In the case of Egypt, 5 billion euros of “untied and undesignated” concessional loans will be transferred to the Egyptian Treasury, giving the government considerable leeway as to how to spend them. With regards to migration, the deal provides for 200 million euros in non-repayable grants, allegedly to “combat human smuggling and trafficking” – a discourse that is often used to criminalise migration in general. This European support condones and reinforces numerous human rights violations, including the long-standing and documented deportation of Sudanese citizens. In line with the global migration regime, which materialises through the construction of walls (and barriers) and the widespread encampment of people on the move, since October 2023 Egypt has upped the militarisation of its border with Gaza while anticipating the future detention of refugees by building a camp in the Sinai. At the same time, Egypt’s pricing of access to its territory only allows entry to Palestinians who are able pay an exorbitant fee.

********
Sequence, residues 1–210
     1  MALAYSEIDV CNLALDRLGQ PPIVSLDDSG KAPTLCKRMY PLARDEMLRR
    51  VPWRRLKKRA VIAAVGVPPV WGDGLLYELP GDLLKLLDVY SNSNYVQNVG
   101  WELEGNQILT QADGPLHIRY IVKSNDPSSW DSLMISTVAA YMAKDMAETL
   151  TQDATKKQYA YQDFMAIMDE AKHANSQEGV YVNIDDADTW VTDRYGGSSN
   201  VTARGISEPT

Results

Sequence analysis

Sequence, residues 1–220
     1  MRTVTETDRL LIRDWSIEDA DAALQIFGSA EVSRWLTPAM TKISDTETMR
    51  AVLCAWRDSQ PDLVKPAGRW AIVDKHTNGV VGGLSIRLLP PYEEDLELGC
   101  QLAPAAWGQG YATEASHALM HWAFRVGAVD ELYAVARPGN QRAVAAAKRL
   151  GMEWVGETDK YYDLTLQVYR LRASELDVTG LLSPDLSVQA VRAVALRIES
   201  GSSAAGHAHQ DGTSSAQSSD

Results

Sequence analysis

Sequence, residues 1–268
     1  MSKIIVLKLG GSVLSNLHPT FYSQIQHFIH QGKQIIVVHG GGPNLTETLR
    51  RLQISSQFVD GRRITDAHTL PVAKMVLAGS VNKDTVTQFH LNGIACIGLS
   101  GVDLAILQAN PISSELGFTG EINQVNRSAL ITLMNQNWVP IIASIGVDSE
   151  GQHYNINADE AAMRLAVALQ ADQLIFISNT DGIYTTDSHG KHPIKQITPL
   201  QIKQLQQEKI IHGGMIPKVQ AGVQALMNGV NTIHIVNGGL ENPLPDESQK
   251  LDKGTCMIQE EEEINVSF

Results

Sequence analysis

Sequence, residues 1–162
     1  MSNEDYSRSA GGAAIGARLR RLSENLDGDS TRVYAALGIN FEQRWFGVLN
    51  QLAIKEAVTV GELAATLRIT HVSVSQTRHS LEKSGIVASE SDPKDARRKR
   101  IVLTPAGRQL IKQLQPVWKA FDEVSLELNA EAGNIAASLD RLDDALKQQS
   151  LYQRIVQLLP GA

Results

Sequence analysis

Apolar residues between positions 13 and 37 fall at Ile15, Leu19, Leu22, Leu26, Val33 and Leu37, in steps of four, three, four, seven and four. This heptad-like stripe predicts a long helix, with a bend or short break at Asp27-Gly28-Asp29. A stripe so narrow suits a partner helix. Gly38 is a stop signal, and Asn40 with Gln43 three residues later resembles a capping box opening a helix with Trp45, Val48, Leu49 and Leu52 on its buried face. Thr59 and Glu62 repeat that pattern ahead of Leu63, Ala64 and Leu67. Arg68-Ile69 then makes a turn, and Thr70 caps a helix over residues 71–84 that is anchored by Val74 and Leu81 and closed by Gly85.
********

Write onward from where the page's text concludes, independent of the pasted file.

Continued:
The impunity enjoyed by Israel since its creation, and which has been blatantly demonstrated over the last seven months, undermines the credibility of international law and weakens the respect for human rights the world over. The double standards applied by European states to Israel legitimise a complicity that is also based on military partnership. Israeli drones, for instance, are used by Frontex (the European border and coast guard agency) in the Mediterranean, where maritime surveillance (vessels that ought to rescue people in danger at sea) are replaced by aerial surveillance (drones and aircraft) to facilitate the push-back of border crossers. Israeli military and surveillance technologies are coveted because they are renowned for being “field-tested”, which is only possible thanks to Israel’s prolonged and illegal occupation of Palestinian territory. Being construed as places where “anything goes”, refugee camps, such as Moria camp in 2020, are also used as spaces for experimenting with and deploying new surveillance and control technologies. The use of these same technologies that hinder the lives and freedom of movement of Palestinians and of people on the move alike is also becoming commonplace to control populations in their entirety.